Money market accounts (MMAs) can be a great place to get the most out of the money that you've set aside for a rainy day.
Financial institutions offer FDIC-insured MMAs to their clients, just like they offer regular checking or savings accounts. The benefit? MMAs tend to offer higher interest rates than other deposit accounts. Zero risk for your money and a higher rate makes an MMA a much better place to stash your rainy-day cash than a savings account.
MMAs carry some conditions and restrictions that vary from institution to institution. In general, however, you are limited to a set number of transactions per month (about six total, including three checks), and must keep a relatively high minimum balance (often $1,000 or more).
These restrictions make an MMA less useful as an everyday account. But when you compare it to a savings account, which generally has its own transaction limit and minimum balance -- not to mention lower rates -- the MMA is generally the winner.
It's important to note that MMAs are not money market
. The difference? MMAs are deposit accounts, and money market funds are mutual funds that invest in short-term debt securities. Money market funds are not FDIC-insured, and while they tend to be low-risk investments, you can still lose money on them.
Most financial advisers recommend setting aside three to six months worth of expenses in an emergency fund. If your monthly expenses are around $4,000, that means you need to keep anywhere from $12,000 to $24,000 on hand in case you get hurt, miss work or find a pink slip waiting on your desk. An MMA can be a great place to park this money.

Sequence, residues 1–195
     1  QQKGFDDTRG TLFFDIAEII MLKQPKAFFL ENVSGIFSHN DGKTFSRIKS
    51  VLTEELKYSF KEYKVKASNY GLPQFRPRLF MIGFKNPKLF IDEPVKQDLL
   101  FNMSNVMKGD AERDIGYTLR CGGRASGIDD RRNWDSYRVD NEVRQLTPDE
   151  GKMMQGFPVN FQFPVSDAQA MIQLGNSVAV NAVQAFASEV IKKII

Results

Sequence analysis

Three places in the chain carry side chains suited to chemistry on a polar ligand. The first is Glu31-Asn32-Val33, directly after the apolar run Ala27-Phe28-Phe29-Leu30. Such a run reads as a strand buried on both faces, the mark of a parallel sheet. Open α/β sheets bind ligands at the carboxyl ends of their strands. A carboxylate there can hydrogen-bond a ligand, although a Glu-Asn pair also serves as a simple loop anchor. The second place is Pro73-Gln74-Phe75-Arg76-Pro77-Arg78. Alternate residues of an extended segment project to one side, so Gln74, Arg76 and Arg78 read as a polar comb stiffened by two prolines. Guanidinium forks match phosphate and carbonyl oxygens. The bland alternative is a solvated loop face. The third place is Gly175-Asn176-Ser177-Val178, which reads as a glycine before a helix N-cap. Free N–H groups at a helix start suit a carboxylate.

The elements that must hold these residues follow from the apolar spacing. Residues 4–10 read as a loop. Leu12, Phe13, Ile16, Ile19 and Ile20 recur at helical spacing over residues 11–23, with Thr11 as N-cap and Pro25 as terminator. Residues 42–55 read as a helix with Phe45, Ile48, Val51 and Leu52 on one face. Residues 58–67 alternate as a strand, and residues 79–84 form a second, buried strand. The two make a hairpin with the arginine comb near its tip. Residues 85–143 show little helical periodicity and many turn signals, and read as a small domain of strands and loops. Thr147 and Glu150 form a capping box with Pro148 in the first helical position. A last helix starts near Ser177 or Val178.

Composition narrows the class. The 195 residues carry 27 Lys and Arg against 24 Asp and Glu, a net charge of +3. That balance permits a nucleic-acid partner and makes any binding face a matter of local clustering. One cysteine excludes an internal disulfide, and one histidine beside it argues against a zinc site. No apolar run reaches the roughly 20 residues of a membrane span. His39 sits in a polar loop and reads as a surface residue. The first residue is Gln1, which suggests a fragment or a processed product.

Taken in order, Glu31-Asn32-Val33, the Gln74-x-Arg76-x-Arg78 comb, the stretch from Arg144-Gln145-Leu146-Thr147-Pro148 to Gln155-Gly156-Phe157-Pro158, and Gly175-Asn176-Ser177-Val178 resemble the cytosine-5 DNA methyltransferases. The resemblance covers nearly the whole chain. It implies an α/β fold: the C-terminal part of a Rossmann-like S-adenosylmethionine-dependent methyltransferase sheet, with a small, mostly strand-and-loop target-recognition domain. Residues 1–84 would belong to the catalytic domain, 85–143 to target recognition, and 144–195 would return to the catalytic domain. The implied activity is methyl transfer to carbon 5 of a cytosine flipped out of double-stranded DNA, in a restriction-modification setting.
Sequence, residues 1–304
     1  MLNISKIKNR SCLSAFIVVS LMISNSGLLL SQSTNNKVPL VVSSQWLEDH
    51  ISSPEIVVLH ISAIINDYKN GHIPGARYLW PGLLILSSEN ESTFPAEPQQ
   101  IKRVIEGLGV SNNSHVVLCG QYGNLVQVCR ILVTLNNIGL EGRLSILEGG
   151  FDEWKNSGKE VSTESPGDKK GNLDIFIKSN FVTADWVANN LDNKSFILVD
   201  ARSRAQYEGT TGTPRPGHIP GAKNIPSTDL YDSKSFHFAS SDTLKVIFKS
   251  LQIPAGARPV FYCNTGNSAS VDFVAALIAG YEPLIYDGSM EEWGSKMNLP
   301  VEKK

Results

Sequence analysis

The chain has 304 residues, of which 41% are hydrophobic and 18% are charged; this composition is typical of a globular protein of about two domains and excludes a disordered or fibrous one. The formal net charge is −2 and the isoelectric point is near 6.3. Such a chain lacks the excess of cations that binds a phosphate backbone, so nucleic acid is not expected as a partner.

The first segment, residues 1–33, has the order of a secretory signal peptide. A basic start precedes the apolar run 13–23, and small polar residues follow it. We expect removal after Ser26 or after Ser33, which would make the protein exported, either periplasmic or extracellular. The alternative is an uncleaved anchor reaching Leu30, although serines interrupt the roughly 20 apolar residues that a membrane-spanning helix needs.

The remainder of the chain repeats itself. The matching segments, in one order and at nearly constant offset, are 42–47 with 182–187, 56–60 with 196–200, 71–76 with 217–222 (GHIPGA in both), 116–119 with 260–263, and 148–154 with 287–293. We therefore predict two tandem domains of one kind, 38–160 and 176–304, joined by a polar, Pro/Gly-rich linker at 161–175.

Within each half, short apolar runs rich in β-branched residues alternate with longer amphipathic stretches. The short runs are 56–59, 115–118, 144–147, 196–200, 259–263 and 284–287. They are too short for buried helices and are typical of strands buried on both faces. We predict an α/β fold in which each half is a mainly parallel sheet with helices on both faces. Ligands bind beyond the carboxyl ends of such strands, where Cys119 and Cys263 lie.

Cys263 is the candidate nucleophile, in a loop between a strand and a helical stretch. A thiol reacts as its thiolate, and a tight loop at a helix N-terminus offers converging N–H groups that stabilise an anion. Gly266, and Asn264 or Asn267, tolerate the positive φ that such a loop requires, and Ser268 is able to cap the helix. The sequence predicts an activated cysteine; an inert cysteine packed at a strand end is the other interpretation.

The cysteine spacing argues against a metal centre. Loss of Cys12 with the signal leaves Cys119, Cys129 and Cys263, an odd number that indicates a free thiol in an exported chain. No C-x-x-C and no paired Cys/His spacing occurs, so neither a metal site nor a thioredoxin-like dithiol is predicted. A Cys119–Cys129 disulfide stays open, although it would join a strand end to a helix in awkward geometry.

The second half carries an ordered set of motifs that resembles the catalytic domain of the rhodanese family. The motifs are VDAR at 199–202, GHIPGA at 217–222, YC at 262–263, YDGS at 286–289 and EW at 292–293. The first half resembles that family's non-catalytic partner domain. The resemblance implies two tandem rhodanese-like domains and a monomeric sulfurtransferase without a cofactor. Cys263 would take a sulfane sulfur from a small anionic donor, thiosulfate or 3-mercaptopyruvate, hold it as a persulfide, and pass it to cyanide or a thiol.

Say you live in Michigan, where the average interest rate on savings accounts is 0.673%, according to BankingMyWay.com. If you sock your $24,000 away in a savings account at that rate, you'll earn a paltry $161 in your first year, and $815 after five years. If, on the other hand, you deposit your emergency fund in an MMA earning the state average of 2.014%, you'll earn $482 in your first year and $2,511 after five years.
While the purpose of a rainy-day fund isn't to offer a high-yielding investment, there's no point in missing an opportunity to pad your safety net a little. Choosing an account that offers a higher yield but the same amount of security and convenience just makes financial sense. This becomes especially true as increasing concerns about inflation crowd the headlines.
To research up-to-date MMA rates in your area, check out the money market section of the
Web site. You can search based on your city or zip code, and find the rates and account details offered by a number of institutions near you.
Peter McDougall is a freelance writer who lives in Freeport, Maine, with his wife and their dog.